In the United States, the Courts have over time, recognized the rights of trademark owners. In the case of refurbished goods or refilling of goods where the original product has been tinkered with, there is always a possibility of a threat of trademark infringement and riding upon the original trade mark owner’s good will and therefore the owner has to be extra cautious to protect their IP rights.
Consumers can use refurbished goods and refilled goods in the USA provided it does not infringe any IP right. It depends on the facts and circumstances and as to whether refurbishing or refilling of goods amounts to IP infringement or not. If we compare the 1947 judgment in the case of Champion to that of Rolex in 2013 and that of Ford v. Autel in 2015 along with the judgment in Lexmark’s case in 2017, the person refurbishing or refilling goods/products shall refurbish goods carefully in such a manner that there is no infringement of any IP rights. With the continuing technological advancements, the question of IP infringement is only likely to increase with respect to refurbishing and refilling goods not only in the USA but around the world. The IP holder must build strategies to adequately protect their rights around the world in accordance with the Intellectual Property law in their local jurisdictions.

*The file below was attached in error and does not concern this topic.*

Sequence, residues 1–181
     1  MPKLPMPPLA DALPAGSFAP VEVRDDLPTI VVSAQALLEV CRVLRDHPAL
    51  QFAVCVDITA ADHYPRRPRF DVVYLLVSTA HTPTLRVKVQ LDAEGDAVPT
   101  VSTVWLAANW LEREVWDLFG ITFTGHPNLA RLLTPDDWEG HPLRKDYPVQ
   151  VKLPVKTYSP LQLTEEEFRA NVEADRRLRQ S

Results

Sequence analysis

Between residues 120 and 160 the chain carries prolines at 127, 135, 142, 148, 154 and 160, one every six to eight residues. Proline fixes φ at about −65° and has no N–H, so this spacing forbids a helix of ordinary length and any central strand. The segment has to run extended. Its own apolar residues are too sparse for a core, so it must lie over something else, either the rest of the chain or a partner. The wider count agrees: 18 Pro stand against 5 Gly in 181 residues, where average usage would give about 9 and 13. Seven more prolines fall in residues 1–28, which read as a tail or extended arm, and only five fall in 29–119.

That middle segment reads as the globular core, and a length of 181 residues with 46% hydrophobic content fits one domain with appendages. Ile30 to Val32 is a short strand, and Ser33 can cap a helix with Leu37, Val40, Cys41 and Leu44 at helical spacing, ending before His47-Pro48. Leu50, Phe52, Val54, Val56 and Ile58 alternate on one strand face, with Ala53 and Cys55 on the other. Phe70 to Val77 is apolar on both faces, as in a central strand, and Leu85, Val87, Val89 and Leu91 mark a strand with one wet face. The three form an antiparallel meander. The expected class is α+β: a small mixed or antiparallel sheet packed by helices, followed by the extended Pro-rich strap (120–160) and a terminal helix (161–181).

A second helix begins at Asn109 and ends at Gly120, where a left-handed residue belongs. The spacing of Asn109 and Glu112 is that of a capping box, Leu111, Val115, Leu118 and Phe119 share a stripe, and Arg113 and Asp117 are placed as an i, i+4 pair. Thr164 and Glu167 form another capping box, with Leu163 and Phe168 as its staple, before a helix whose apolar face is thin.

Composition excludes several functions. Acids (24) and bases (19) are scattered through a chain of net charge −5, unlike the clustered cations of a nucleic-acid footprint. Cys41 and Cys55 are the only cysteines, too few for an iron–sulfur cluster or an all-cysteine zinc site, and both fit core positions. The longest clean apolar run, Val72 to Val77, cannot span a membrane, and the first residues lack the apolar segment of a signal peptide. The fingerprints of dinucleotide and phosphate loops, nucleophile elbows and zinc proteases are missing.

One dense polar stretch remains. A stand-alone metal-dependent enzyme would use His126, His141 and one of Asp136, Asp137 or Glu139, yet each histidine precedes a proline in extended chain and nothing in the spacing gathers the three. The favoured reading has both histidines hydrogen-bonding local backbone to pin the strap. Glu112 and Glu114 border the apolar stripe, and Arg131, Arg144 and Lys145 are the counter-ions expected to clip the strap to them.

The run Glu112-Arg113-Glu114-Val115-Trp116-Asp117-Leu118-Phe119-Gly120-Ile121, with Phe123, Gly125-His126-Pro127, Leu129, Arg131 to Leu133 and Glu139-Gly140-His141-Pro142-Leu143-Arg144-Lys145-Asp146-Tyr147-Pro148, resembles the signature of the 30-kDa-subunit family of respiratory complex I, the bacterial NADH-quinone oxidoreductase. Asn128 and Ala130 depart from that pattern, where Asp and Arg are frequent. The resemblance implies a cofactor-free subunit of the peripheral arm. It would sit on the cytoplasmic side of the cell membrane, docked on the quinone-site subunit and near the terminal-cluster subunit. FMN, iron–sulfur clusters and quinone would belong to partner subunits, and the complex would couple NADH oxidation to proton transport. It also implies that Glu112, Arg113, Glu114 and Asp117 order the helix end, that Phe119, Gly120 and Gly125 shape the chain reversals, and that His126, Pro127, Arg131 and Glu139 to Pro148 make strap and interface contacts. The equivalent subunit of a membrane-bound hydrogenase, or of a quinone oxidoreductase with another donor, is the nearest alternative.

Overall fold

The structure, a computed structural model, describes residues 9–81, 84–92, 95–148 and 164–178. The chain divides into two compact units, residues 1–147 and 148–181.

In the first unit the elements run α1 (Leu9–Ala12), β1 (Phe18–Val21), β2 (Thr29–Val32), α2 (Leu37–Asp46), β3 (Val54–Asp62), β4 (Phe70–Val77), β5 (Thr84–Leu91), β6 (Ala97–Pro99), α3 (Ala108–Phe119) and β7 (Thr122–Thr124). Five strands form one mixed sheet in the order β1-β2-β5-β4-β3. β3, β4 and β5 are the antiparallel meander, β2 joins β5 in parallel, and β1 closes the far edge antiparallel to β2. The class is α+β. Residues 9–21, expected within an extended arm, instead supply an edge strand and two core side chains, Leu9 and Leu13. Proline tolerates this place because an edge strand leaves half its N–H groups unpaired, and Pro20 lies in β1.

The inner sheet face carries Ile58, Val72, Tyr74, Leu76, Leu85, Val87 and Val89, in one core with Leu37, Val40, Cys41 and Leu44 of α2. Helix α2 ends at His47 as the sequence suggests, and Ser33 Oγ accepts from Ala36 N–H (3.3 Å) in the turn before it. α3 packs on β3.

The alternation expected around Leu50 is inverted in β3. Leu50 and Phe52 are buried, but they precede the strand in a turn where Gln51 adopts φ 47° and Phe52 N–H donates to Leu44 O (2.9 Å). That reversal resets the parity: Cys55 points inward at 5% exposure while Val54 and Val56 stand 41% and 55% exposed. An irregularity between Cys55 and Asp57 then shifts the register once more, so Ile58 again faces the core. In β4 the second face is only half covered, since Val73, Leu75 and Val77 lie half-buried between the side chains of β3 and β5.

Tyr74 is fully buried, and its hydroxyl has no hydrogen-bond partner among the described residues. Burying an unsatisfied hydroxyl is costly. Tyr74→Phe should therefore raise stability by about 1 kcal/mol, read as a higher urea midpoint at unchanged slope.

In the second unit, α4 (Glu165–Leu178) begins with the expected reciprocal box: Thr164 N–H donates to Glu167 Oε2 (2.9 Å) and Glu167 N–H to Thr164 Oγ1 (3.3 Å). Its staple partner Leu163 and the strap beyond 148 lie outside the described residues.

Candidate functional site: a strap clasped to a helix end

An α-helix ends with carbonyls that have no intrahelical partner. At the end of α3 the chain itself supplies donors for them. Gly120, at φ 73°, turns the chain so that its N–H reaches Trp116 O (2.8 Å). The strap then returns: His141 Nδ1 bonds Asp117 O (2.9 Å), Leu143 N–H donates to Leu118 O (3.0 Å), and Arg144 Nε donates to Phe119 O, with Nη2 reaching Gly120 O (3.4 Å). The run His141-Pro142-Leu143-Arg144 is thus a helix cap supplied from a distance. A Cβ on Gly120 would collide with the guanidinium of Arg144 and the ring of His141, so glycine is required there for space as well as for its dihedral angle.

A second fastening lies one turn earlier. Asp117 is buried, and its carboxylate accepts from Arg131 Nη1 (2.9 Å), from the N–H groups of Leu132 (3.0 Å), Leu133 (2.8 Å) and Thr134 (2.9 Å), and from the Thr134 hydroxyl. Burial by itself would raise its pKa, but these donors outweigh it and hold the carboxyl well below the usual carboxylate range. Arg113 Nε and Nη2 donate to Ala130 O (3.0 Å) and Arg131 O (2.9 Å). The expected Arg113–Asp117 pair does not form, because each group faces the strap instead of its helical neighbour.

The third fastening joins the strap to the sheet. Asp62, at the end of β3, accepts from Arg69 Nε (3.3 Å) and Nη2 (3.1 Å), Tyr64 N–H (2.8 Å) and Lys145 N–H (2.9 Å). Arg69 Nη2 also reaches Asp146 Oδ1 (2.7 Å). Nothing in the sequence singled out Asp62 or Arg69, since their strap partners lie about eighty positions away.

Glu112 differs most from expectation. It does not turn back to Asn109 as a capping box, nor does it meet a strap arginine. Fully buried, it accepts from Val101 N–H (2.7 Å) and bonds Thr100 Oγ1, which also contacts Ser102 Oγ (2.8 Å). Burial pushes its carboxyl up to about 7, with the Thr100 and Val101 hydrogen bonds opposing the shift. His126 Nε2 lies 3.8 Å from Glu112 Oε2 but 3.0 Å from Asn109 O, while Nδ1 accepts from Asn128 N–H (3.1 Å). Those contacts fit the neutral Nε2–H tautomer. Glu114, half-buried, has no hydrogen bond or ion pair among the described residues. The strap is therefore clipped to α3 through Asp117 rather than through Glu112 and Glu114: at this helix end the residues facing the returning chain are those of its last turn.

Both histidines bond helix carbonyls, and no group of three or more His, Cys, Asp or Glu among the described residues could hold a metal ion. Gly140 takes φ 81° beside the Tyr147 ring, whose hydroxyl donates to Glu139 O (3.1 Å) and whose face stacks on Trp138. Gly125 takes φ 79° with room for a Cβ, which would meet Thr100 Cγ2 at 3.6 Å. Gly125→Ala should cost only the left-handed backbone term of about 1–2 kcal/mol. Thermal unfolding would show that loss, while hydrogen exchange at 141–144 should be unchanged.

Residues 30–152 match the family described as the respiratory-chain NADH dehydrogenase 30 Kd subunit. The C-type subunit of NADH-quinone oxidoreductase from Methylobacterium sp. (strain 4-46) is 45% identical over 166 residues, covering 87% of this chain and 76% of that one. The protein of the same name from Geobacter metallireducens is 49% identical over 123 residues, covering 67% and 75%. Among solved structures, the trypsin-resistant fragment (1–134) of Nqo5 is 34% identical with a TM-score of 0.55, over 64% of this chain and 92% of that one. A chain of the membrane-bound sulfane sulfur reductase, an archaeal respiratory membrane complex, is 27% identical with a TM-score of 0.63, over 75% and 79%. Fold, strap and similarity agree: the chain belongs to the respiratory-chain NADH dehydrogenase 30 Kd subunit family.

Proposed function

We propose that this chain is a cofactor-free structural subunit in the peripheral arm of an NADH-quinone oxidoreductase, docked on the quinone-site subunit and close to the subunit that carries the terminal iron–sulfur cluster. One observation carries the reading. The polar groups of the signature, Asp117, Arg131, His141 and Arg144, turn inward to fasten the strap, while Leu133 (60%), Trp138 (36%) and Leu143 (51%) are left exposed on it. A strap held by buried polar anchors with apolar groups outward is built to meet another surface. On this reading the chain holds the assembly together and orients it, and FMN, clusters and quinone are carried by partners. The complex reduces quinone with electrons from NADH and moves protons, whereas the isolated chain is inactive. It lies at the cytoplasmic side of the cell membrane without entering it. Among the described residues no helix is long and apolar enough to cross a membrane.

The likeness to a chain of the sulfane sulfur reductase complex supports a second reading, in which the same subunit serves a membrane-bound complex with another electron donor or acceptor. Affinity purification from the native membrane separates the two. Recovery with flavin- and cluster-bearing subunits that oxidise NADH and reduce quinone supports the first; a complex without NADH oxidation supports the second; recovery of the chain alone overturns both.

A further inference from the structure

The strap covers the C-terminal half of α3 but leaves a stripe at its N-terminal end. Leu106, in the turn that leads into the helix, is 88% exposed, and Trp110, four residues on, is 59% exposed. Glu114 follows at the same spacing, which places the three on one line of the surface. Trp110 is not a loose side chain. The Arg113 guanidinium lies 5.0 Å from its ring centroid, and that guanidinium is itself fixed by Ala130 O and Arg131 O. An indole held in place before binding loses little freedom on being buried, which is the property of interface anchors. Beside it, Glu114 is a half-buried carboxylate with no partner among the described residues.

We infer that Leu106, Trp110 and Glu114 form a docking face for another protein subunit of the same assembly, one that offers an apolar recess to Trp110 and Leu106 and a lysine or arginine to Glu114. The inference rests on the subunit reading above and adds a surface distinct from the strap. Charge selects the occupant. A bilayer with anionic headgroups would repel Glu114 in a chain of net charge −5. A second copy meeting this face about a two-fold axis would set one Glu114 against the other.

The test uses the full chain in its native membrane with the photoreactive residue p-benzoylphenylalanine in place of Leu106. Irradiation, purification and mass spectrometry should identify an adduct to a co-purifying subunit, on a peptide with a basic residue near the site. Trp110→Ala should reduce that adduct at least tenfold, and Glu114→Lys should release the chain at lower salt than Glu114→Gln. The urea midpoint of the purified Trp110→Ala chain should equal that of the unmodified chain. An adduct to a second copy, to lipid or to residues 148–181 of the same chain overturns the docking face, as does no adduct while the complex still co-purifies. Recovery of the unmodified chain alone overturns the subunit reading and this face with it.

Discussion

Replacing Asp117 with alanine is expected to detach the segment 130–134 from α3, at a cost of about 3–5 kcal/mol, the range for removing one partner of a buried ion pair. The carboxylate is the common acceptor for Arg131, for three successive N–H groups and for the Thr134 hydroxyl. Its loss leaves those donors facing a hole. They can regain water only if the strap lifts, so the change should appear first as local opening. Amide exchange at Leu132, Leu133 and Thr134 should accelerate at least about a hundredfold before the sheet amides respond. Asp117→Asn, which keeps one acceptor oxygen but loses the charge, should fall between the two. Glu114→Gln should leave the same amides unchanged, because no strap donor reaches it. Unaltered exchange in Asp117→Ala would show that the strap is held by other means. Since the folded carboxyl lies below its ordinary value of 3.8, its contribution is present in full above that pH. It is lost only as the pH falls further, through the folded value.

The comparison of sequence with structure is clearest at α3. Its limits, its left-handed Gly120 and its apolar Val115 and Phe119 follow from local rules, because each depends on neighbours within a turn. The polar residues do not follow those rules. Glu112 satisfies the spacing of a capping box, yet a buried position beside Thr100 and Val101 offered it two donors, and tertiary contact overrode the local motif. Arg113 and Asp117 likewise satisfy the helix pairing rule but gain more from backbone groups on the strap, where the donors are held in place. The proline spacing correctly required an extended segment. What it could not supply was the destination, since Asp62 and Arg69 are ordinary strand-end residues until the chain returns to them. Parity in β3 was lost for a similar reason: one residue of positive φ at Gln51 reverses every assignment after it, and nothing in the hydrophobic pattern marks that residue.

Champion Spark Plug Co. v. Sanders ,331 U.S. 125 (1947)
Rolex Watch, USA v. Agarwal, 2012 WL 12886444 (C.D. Cal. 2012)